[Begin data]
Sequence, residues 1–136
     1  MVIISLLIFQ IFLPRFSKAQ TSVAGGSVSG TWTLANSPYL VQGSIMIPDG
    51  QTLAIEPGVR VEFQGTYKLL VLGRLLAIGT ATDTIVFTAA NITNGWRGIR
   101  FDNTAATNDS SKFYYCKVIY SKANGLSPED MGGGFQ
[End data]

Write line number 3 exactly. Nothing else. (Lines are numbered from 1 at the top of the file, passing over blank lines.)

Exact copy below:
    51  QTLAIEPGVR VEFQGTYKLL VLGRLLAIGT ATDTIVFTAA NITNGWRGIR